This psalm gets icons in the SAB for injustice, cruelty and violence, intolerance, dysfunctional family values, absurdities, bad science, and misogyny – and rightly so. David’s throwing a tantrum, and we all get to listen. He rants that “Wicked people are born sinners” (v 3), and then goes on to describe exactly what he would like god to do to them. Read the whole thing just for the perverted imagery.
Why did I ever think that psalms were songs of praise? Because that’s what I was told in church, and based on the ones we sung or recited, it seemed reasonable. But a lot of them are nothing more than ravings from the diary of a maniac. This one continues in the same manner as the last. Sickening.
David rails on about a lost battle (again). Nothing exciting here, except maybe the image in v 6-8 of god choosing sides. The cities he likes, he claims for himself; the ones he doesn’t like … well, read the verse.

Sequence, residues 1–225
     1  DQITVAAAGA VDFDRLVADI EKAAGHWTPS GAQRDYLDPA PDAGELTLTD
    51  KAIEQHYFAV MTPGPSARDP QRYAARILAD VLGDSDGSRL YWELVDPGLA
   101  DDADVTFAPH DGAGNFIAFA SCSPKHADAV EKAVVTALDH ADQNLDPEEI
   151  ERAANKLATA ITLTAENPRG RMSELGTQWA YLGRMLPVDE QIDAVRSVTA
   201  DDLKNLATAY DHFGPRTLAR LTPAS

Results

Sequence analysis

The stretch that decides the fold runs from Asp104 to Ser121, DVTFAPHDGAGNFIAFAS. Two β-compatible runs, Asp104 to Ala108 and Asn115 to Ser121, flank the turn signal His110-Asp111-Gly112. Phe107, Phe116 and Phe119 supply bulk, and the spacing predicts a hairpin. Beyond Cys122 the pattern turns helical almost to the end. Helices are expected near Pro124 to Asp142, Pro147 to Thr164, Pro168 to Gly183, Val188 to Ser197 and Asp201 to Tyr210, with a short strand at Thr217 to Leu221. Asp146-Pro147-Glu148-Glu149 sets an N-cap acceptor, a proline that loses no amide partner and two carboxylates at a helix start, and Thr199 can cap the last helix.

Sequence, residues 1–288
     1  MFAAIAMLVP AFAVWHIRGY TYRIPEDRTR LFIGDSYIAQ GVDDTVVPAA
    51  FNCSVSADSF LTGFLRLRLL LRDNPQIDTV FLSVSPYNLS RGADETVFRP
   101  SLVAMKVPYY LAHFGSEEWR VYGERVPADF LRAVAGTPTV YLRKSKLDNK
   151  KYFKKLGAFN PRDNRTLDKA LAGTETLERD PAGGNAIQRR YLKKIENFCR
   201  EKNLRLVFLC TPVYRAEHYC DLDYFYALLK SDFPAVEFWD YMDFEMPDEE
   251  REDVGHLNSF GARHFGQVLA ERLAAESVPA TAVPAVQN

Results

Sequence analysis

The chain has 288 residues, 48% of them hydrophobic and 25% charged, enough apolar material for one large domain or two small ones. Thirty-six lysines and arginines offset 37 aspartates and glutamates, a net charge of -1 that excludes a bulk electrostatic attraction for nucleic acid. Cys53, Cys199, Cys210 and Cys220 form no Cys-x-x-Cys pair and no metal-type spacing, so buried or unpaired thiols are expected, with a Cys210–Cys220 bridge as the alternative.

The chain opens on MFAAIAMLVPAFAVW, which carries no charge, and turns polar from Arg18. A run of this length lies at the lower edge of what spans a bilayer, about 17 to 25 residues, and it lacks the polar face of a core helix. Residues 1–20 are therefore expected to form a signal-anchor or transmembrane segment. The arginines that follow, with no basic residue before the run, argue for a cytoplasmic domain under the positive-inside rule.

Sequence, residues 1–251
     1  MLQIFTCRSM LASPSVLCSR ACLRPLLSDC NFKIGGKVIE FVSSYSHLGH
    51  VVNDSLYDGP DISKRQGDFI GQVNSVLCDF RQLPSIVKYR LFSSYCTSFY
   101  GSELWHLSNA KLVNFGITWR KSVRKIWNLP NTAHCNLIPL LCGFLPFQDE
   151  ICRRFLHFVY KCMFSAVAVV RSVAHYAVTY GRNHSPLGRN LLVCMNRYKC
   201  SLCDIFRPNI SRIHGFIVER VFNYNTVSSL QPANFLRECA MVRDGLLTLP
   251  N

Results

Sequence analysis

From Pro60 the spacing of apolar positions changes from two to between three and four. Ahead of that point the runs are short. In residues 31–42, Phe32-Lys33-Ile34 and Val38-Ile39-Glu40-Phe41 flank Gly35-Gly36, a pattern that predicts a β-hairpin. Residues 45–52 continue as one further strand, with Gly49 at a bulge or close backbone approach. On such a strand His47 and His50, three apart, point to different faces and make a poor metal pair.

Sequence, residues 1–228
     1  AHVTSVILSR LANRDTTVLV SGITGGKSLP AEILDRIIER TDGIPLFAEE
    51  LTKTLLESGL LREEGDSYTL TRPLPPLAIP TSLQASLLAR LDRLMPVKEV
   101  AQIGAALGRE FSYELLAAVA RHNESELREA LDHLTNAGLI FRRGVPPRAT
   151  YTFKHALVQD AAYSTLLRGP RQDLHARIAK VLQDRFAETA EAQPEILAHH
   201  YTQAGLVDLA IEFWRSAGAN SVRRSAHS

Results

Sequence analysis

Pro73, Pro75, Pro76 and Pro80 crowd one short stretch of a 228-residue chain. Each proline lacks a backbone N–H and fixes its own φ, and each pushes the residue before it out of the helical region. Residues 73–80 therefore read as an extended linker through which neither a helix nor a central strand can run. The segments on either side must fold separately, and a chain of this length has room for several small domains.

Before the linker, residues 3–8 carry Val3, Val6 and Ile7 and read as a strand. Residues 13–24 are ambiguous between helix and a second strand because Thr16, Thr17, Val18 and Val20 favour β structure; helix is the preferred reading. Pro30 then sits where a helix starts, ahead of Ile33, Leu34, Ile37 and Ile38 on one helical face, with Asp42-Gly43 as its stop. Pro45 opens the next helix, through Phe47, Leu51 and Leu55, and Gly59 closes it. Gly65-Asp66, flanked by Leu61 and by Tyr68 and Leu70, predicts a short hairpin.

David’s just brown-nosing here. zzzz
More paranoia. Move on.
More sucking up. Move on.
“Hide me from the plots of this evil mob…” What’s with the constant paranoia? And v 7-9 are more than a little disturbing – they depict violence as a conversion tool. David believes that when people see how the wicked are destroyed by god, they will convert.
This is the sort of prayer a pre-scientific farmer would pray. Pretty imagery, but of course not accurate. But hey, at least not violent, either.